LIFE AS AN ALFISTA

1y ago

9.4K

WORDS & PHOTOGRAPHY BY CAMERON NICHOLLS

" It could be a drive up to the hills or an extended coffee run into the city, there’s something great about getting out early in the morning."

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I find myself cringing when I hear the words 'character', 'passion' and 'emotion' used around Alfas. Though I don’t think these words are necessarily untrue, I do think they are clichés, a front to distract people from the shortcomings in the car. I don’t deny the shortcomings, I laugh at the fact that when I drive the GTV I spend more time looking at the small gauges than I do at the big ones, if they start to drift off centre I break out into a sweat!

Both my Alfas have spent periods of time as daily drivers over the years. I find myself looking for any excuse to jump in and go.

My interest in Alfas came from my dad. He bought a Giallo Ochre 1750 GTV new in 1969 and was heavily involved in the Alfa club throughout the 70’s. There were also a few Alfa books at home that I constantly read, books by Peter Hull & Roy Slater, Evan Green and Great Marques - I grew up loving all of the cars I read about. In 1990 dad bought an ‘85 Alfetta GTV in which I learned to drive and spent the next 10 years sprinting in club events, great times for a young guy.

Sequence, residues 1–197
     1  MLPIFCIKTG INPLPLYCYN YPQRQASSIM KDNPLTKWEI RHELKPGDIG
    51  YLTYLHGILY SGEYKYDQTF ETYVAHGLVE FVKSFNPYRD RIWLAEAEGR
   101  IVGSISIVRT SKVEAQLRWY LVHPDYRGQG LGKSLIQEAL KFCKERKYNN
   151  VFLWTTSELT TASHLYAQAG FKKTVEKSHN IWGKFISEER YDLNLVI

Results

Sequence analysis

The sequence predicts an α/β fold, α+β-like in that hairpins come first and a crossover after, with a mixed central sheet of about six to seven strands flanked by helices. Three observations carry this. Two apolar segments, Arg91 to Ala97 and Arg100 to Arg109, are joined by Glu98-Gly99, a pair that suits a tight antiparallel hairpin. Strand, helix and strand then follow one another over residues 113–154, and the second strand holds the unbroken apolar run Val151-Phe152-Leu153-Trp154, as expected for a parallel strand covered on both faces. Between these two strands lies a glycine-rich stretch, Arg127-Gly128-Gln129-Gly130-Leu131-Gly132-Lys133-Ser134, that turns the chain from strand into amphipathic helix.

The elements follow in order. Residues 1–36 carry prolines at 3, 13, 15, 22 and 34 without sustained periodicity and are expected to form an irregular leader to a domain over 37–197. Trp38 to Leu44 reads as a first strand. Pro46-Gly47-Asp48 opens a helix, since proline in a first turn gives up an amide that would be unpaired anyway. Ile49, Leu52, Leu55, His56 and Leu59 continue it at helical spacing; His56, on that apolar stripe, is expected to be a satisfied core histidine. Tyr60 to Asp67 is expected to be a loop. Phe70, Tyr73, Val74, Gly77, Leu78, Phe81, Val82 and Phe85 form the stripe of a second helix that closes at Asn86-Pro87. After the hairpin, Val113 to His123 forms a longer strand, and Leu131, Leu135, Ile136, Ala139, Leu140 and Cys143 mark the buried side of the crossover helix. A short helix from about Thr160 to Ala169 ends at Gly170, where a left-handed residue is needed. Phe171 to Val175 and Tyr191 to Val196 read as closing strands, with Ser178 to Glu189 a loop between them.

DAD AND I IN 1978. HE HAD WON THE AROCA PERPETUAL TROPHY.

DAD'S ALFETTA IN 1990

I recently returned to club sprints with the 156 GTA. It went well down the straights but suffered with its nose heavy handling and really struggled under brakes, so now I’m tossing up whether to persist with the GTA or do some minor preparation to the GTV and return to sprinting in a car that is nowhere near as quick, but feels really sweet and balanced.

AT AN AROCA SPRINT IN 1991 - SANDOWN

Me in 1991 doing the AROCA sprint at Winton. Those days I was 5'2" and had the seat as far forward and up as I could get. Now it's almost the dead opposite.

I think that a genuine Alfista, will at least in their personal life, have a strong tendency to make decisions with their heart and not their head. I remember years ago I was being interviewed for my first job in logistics and when the senior manager read down my CV to the part about an interest in Alfa Romeos he proceeded to lecture me on the importance of logic in the role I had applied for!

I believe that the real Alfisti don’t just drive Alfas because they can’t afford a Ferrari, which is not to say I’d kick a Giallo 355 GTB out of the garage. They drive Alfas because they are inexplicably in love with them, not as a status symbol or something to impress others.

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Comments (8)
  • U have to love the song of a v6 Alfa in any car. Unmistakable and better than most.

    1 year ago
  • Great article! Thanks for sharing ;)

    1 year ago

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